While the changes have certainly caused panic for some, other publishers have had to rethink their editorial strategies, ultimately leading to better content. For instance, some outlets are focusing less on quantity and more on quality. Digiday reported that Bustle Digital Group’s flagship website, Bustle, went from publishing an astonishing 150 articles a day in 2022 to just 30 or 40 stories a day in 2024. This narrower focus has meant they create more in-depth reported pieces, videos, and celebrity profiles that create more buzz for the brand. Stories like this suggest digital publishers may benefit from moving away from a numbers game and refocusing their energy on the nuts and bolts of great content.

There’s another lesson to be learned from Bustle: diversification. When it comes to monetization, Bustle does not just rely on ads; instead, they sell 360 content programs that include everything from talent booking to social content to events.

Publishers Seek Alternative Traffic Sources

Faced with the dwindling traffic from social media platforms, some news publishers are actively exploring alternative channels to reach their audiences through content syndication, newsletters, and even other social channels.

Reuters reports that 77% say they responded to the decline by focusing on direct channels. That is not a surprise, but what is surprising is that some of the channels they report focusing on are social platforms: WhatsApp, Instagram, TikTok, and YouTube are among them. “By contrast, publisher sentiment towards Facebook has worsened further this year (-38 net score) along with X/Twitter (-39 net score),” according to Reuters.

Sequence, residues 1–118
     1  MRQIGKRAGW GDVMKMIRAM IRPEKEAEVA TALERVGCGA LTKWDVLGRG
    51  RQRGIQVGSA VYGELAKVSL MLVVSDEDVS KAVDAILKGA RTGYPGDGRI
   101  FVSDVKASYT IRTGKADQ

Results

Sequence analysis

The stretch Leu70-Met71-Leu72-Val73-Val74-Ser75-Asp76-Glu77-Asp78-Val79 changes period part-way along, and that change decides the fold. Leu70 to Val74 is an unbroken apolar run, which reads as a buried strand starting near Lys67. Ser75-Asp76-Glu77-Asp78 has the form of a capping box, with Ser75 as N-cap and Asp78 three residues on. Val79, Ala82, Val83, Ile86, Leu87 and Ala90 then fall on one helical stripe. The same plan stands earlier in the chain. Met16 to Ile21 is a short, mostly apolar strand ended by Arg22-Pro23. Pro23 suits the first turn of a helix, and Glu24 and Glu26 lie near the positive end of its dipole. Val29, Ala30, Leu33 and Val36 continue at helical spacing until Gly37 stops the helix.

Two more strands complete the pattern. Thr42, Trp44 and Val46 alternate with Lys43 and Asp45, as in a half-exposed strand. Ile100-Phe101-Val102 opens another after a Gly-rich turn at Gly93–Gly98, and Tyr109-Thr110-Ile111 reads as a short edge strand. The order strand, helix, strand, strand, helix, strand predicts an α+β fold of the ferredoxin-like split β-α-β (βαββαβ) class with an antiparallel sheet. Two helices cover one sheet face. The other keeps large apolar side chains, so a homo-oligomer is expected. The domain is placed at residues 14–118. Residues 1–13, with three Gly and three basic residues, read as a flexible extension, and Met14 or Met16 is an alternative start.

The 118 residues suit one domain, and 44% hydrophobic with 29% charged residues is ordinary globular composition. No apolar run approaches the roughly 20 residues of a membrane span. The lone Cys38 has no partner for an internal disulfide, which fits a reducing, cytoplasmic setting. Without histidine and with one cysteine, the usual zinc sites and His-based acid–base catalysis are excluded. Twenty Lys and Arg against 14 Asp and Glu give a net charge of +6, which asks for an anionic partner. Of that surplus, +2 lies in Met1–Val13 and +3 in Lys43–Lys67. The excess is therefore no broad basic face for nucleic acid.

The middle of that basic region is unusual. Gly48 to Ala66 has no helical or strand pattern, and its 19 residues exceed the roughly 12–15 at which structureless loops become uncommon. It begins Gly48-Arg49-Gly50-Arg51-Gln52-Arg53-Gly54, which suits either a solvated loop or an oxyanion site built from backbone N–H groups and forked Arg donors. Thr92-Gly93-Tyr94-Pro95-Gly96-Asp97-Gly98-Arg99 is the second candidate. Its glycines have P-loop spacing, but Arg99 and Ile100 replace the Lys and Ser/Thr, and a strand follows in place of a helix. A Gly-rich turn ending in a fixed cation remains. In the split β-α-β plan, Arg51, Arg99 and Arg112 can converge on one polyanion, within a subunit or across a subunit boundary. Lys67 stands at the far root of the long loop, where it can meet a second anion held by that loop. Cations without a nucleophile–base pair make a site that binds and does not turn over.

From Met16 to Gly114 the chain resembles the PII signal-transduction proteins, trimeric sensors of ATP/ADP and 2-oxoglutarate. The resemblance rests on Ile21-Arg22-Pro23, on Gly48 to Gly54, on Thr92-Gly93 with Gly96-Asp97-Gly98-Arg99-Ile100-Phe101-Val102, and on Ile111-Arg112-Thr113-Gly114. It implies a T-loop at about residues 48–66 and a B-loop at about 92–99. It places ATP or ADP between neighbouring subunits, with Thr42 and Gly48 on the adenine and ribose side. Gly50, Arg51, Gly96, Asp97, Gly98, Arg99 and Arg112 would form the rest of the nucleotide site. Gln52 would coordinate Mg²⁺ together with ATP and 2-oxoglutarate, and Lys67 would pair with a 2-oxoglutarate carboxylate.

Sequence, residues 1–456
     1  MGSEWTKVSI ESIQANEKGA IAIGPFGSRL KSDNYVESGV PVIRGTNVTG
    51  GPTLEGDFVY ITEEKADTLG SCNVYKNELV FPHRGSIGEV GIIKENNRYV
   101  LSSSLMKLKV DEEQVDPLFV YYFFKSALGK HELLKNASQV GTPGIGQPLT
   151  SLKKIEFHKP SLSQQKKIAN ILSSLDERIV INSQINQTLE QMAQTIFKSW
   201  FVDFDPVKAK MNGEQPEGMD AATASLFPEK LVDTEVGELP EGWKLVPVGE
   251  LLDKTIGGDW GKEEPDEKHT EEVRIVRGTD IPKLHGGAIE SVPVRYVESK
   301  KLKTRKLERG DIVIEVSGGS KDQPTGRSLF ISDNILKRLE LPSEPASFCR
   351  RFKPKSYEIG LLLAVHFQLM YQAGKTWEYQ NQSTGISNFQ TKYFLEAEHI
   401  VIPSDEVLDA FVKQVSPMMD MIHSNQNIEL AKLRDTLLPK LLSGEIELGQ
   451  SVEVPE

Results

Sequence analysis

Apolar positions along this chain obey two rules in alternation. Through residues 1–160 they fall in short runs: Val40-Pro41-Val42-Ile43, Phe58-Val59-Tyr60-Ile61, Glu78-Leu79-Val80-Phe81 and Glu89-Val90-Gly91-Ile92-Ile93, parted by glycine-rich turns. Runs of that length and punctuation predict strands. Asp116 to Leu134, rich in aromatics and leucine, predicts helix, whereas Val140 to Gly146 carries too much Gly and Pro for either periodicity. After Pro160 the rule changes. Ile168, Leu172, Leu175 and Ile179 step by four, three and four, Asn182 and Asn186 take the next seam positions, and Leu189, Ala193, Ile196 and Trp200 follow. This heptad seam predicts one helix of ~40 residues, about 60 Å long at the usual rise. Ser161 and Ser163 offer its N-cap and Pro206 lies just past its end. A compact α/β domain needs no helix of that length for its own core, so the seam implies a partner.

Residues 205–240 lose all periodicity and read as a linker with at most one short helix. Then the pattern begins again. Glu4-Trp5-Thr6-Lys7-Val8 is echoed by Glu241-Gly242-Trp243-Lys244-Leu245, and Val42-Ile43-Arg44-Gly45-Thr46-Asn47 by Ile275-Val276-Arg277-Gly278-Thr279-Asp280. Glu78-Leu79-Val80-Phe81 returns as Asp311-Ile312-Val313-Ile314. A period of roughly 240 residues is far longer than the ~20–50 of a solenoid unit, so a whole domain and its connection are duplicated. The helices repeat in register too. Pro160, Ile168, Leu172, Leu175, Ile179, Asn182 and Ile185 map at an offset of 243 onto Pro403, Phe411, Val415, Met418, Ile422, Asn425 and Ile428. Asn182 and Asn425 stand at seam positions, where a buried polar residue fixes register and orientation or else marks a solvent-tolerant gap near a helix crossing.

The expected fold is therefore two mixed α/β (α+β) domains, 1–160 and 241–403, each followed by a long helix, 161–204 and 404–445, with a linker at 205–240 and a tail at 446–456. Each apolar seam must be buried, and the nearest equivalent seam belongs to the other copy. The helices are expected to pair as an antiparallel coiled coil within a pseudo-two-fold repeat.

Unlike some other channels, LinkedIn referral traffic is slightly up according to Axios. Another social channel may seem like an unlikely ally in the fight against declining referral traffic from social. In fact, LinkedIn is working with more than 400 publishers to optimize their content across the platform through posts, newsletters, podcasts, and videos. “LinkedIn editors communicate daily with publishing partners through Slack channels and email to help inform them of what's trending so that they can better optimize their posts,” reports Axios. The efforts have led to a 150% increase in the amount of newsletters published through LinkedIn.

From numbers to engagement

Others have seen the drop in social traffic as an opportunity to develop a richer relationship with news audiences based more on quality of engagement than numbers: " ... not only focus on scale, but to actually focus on human beings and communities that they need to be serving,” said Amanda Zamora, co-founder of US news site The 19th in an interview with Reuters Institute. “We should stop treating people as passive readers and mere commodities, and really think about audiences with more intention.”

It’s clear that some publishers are not ready to give up social media entirely and are exploring new platforms to replace old partners. Others, however, are realizing the importance of a more direct, owned relationship - one that will not be turned on its head every time an algorithm changes.